Subscribe to
Opera Today

Receive articles and news via RSS feeds or email subscription.


facebook-icon.png


twitter_logo[1].gif



9780393088953.png

9780521746472.png

0810888688.gif

0810882728.gif

Recently in Reviews

Cold Mountain Wows Audience at Santa Fe World Premiere

On August 1, 2015, Santa Fe Opera presented the world premiere of Cold Mountain, a brand new opera composed by Pulizer Prize and Grammy winner Jennifer Higdon.

Review: You Promised Me Everything

Richard Taruskin entitled his 1988 polemical critique of the notion of ‘authenticity’ in the context of historically informed performance, ‘The Pastness of the Present and the Presence of the Past’.

Manon Lescaut, Munich

Puccini’s Manon Lescaut at the Bayerische Staatsoper, Munich. Some will scream in rage but in its austerity it reaches to the heart of the opera.

Proms Saturday Matinée 1

It might seem churlish to complain about the BBC Proms coverage of Pierre Boulez’s 90th anniversary. After all, there are a few performances dotted around — although some seem rather oddly programmed, as if embarrassed at the presence of new or newish music. (That could certainly not be claimed in the present case.)

The Maid of Pskov (Pskovityanka) , St. Petersburg

I recently spent four days in St. Petersburg, timed to coincide with the annual Stars of the White Nights Festival. Yet the most memorable singing I heard was neither at the Mariinsky Theater nor any other performance hall. It was in the small, nearly empty church built for the last Tsar, Nicholas II, at Tsarskoye Selo.

Prom 11 — Grange Park Opera: Fiddler on the Roof

As I walked up Exhibition Road on my way to the Royal Albert Hall, I passed a busking tuba player whose fairground ditties were enlivened by bursts of flame which shot skyward from the bell of his instrument, to the amusement and bemusement of a rapidly gathering pavement audience.

Saul, Glyndebourne

A brilliant theatrical event, bringing Handel’s theatre of the mind to life on stage

Roberta Invernizzi, Wigmore Hall

‘Here, thanks be to God, my opera is praised to the skies and there is nothing in it which does not please greatly.’ So wrote Antonio Vivaldi to Marchese Guido Bentivoglio d’Aragona in Ferrara in 1737.

Montemezzi: L’amore dei tre Re

Asphyxiations, atrophy by poison, assassination: in Italo Montemezzi’s L’amore dei tre Re (The Love of the Three Kings, 1913) foul deed follows foul deed until the corpses are piled high.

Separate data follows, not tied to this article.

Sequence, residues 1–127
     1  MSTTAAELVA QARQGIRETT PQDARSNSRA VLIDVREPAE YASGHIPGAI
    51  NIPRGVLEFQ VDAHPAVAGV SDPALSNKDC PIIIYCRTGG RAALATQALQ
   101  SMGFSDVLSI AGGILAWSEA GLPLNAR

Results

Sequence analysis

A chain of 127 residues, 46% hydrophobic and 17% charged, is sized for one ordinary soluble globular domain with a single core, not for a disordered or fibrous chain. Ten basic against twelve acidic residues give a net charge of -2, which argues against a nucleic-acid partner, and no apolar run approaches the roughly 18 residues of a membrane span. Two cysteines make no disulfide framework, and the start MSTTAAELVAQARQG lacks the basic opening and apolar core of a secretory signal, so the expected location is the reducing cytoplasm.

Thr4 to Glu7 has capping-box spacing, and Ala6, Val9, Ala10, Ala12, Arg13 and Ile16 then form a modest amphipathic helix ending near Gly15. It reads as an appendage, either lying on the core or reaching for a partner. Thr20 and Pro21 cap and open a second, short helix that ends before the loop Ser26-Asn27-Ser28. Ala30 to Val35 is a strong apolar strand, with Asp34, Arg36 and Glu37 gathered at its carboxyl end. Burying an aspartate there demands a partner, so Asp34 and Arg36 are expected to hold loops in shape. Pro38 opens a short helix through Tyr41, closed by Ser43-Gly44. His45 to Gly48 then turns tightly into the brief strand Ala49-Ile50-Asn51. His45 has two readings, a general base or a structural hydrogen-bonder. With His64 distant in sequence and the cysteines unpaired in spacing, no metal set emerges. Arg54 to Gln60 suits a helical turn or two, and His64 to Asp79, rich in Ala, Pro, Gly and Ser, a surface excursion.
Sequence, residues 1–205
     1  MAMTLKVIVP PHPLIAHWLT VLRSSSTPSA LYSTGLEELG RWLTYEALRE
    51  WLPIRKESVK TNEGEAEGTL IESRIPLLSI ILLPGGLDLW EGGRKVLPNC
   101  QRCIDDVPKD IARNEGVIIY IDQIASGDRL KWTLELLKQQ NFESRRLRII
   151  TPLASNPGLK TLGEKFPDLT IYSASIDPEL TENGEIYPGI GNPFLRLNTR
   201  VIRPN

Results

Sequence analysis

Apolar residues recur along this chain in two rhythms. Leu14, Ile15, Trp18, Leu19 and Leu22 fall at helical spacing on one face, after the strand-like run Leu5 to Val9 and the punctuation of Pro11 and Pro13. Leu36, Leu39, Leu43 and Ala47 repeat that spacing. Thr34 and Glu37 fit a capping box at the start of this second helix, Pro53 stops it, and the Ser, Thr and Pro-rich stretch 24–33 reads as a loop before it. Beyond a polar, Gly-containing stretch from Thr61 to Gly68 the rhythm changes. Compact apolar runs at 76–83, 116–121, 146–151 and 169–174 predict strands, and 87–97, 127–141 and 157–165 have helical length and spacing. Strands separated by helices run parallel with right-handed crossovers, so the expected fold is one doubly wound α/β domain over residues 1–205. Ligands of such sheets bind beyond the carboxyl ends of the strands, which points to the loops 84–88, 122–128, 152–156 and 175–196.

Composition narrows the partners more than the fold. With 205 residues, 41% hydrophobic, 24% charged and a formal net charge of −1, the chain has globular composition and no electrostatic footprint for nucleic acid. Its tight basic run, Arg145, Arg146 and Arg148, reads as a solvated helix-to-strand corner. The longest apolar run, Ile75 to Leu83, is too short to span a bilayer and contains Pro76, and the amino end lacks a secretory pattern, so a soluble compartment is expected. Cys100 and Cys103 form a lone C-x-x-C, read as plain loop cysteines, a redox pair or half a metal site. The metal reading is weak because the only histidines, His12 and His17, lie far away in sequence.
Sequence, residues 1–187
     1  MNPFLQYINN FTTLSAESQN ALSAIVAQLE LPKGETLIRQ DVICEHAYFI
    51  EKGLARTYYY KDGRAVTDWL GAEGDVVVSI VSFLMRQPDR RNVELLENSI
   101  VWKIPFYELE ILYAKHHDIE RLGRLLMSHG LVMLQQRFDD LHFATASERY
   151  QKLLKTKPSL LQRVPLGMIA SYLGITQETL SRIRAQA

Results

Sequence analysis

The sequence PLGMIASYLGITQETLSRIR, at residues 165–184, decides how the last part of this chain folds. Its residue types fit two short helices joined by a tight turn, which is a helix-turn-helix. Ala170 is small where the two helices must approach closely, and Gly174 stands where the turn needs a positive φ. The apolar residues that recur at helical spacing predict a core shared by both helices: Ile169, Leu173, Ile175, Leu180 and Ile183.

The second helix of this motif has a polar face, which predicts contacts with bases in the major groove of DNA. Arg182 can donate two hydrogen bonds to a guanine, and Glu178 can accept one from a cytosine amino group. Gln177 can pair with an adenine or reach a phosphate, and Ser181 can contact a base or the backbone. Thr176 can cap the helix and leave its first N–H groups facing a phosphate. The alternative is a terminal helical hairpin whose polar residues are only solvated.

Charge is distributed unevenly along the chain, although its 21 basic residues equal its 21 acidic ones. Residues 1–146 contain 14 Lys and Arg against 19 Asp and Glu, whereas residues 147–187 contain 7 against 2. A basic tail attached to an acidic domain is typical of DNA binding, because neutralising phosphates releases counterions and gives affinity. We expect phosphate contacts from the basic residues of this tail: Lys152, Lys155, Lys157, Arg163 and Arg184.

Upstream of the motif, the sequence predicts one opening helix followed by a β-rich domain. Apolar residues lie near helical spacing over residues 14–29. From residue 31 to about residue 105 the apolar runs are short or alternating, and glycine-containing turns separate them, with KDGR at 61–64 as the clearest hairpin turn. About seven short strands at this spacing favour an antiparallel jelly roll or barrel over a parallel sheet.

Prom 4: Andris Nelsons

The precision of attack in the opening to Beethoven’s Creatures of Prometheus Overture signalled thoroughgoing excellence in the contribution of the CBSO to this concert.

BBC Proms: The Cardinall’s Musick

When he was skilfully negotiating the not inconsiderable complexities, upheavals and strife of musical and religious life at the English royal court during the Reformation, Thomas Tallis (c.1505-85) could hardly have imagined that more than 450 years later people would be queuing round the block for the opportunity spend their lunch-hour listening to the music that he composed in service of his God and his monarch.

Oberon, Persephone and Iolanta at the Aix Festival

Two of the important late twentieth century stage directors, Robert Carsen and Peter Sellars, returned to the Aix Festival this summer. Carsen’s A Midsummer Night’s Dream is a masterpiece, Sellars’ strange Tchaikovsky/Stravinsky double bill is simply bizarre.

Betrothal and Betrayal : JPYA at the ROH

The annual celebration of young talent at the Royal Opera House is a magnificent showcase, and it was good to see such a healthy audience turnout.

Jenůfa Packs a Wallop at DMMO

There are few operas that can rival the visceral impact of a well-staged Jenůfa and Des Moines Metro Opera has emphatically delivered the goods.

Des Moines Fanciulla a Minnie-Triumph

The Girl of the Golden West (La Fanciulla del West) often gets eclipsed when compared to the rest of the mature Puccini canon.

First Night of the BBC Proms 2015

First Night of the BBC Proms 2015 with Sakari Oramo in exuberant form, pulling off William Walton’s Belshazzar’s Feast with the theatrical flair it deserves.

Des Moines: A Whole Other Secret Garden

With its revelatory production of Rappaccini’s Daughter performed outdoors in the city’s refurbished Botanical Gardens, Des Moines Metro Opera has unlocked the gate to a mysterious, challenging landscape of musical delights.

Seductive Abduction in Iowa

Des Moines Metro Opera has quite a crowd-pleasing production of The Abduction from the Seraglio on its hands.

A Midsummer Night’s Dream, Garsington Opera

Even by Shakespeare’s standards A Midsummer Night’s Dream, one of his earlier plays, boasts a particularly fantastical plot involving a bunch of aristocrats (the Athenian Court of Theseus), feuding gods and goddesses (Oberon and Titania), ‘Rude Mechanicals’ (Bottom, Quince et al) and assorted faeries and spirits (such as Puck).

Richard Wagner: Tristan und Isolde

What do we call Tristan und Isolde? That may seem a silly question. Tristan und Isolde, surely, and Tristan for short, although already we come to the exquisite difficulty, as Tristan and Isolde themselves partly seem (though do they only seem?) to recognise of that celebrated ‘und’.

OPERA TODAY ARCHIVES »

Reviews

Kristin Sampson as Sarka [Photo by James Martindale]
05 Mar 2009

Janáček's Šárka at Dicapo Opera

There is a visceral pleasure in hearing so many healthy sets of young lungs tearing into this music, and they do sing, they do not bellow.

Leoš Janácek: Šárka

Šárka: Kristin Sampson; Ctirad: Erik Nelson Werner; Přemysl: Zarab Ninua; Lumir: Sanjay Merchant. Conducted by Oliver Gooch. Dicapo Opera Theatre, performance of February 19.

Above: Kristin Sampson as Šárka [Photo by James Martindale]